ARCO Endorses Call for Leasehold Reform

Sector calls for clarification on exemption to prevent exploitation

Tuesday, March 19, 2019 

The Associated Retirement Community Operators (ARCO) has welcomed the committee’s conclusions which includes an exemption on leasehold houses in retirement housing. 
However, any exemption would need to be clearly defined to avoid it being exploited as a loophole by speculative developers. Therefore, ARCO is calling for urgent clarification on what levels of care and support should be available to qualify for retirement housing exemption. 
ARCO has also emphasised that any exemption can only be a short-term expedient while the sector and policy makers look to develop long-term alternatives to leasehold for integrated housing, care and service offers.  
Michael Voges, ARCO Executive Director, said:  
“As the main body representing both the private and not-for-profit Retirement Community sector in the UK, we gave evidence to the select committee and explained how an outright ban on leases would mean our members would not be able to build and operate houses at future developments. 
“It is great to see the inequities of the system being addressed. We’re very happy to see the committee has recognised differences in leaseholds among different sectors, and we’re happy to work with the Government to put strict criteria in place to ensure exemptions are not abused. We’re also ready to help develop an alternative form of tenure suitable for these complex integrated housing, care and service offers which may replace leasehold entirely.” 
For further information please contact: Gareth Lyon, Head of Policy and Communications, at or on 075350 88498   Notes to editors 
1. About ARCO: ARCO (the Associated Retirement Community Operators) is the trade association for operators of housing-with-care developments for older people. ARCO was founded in 2012, and is now 
comprised of 27 private and not-for-profit operators of Retirement Communities. ARCO represents approximately 50% of the Retirement Community sector. ARCO sets high standards, and all ARCO members must adhere to the externally assessed ARCO Consumer Code. ARCO does not represent the traditional retirement housing model where there are limited services and no care is available or care homes.   2. About Retirement Communities: Retirement Communities typically consist of individual one or two bedroom flats or houses, located in a development with similar properties. Residents have access to a range of services and facilities, which will include optional on-site care, 24hour staffing, and dining and leisure facilities, and may also include bars, gyms and craft rooms. Retirement Communities are also sometimes referred to as housing-with-care schemes, retirement villages, extra care housing, assisted living, or close care apartments. They sit in between traditional retirement houses (which have less extensive staffing and leisure facilities), and care homes, and can be in urban or suburban locations.   3. About Vision 2030: Vision 2030 is ARCO’s vision for 250,000 people to be living in retirement communities by 2030. The vision sets out ten areas of work for the sector in order to achieve this. These are:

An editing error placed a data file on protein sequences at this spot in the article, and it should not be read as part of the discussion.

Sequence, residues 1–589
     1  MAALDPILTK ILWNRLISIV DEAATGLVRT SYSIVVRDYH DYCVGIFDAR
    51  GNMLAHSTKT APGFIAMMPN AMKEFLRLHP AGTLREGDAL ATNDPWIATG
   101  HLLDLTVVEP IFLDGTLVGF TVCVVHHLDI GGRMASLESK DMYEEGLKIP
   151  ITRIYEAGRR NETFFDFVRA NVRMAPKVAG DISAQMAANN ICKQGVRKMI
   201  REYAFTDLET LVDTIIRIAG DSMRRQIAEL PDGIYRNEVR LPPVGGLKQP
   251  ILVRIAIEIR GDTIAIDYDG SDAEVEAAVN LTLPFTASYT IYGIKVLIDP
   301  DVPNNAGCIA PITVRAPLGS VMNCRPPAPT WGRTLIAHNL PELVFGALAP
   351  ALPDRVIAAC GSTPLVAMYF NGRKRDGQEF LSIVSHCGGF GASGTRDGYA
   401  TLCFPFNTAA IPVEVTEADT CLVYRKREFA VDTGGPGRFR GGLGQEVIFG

• Development of a clear customer proposition • Effective self-regulation  • Enhanced health and wellbeing • Intelligent use of technology  • Flexible models of tenure • Sustainable funding streams • Sector-specific legislation  • Comprehensive and robust data • Clarity in the planning system  • A highly trained workforce 
For more information on Vision 2030, please contact Gareth Lyon, Head of Policy and Communications, at   
4. Benefits of Retirement Communities: 
• Meeting the needs of an ageing population: Older people need and want choice in their housing for later life. However, at present housing options for older people are limited. Retirement Communities are an important element of housing choice for older people. Developing the capacity of the Retirement Community sector is vital to ensuring that the UK’s housing market is fit to meet the needs of an ageing population.   • Promoting independence, security and wellbeing: Older people living in Retirement Communities are likely to experience lower levels of 
loneliness and social isolation. A 2014 study by the International Longevity Centre found that 82% of respondents in Retirement Communities said they hardly or never felt isolated, and only 1% often felt isolated.   • Reducing costs and encouraging more efficient use of resources: Residents in Retirement Communities are able to receive specialist care in their homes if needed, enabling them to return home from hospital earlier. They are also less likely to enter hospital. For example, one way in which Retirement Communities improve health is by preventing falls. Retirement Community properties are designed and built with adaptations to support independence and research shows that those living in these specialist homes are between 1.5 and 2.8 times less likely to have a fall than those living in homes without adaptations. This helps to reduce pressure on NHS services. A recent study found that NHS costs were reduced by 38% for those moving into Retirement Community housing and NHS costs for ‘frail’ residents had reduced by 51.5% after 12 months.   • Responding to the housing shortage: Older people moving to a Retirement Community will typically ‘downsize’, freeing up much needed and under-occupied family sized homes. If all those interested in moving into a retirement property were able to do so, research suggests that approximately 3.29 million properties would be released, including nearly 2 million three-bedroom homes.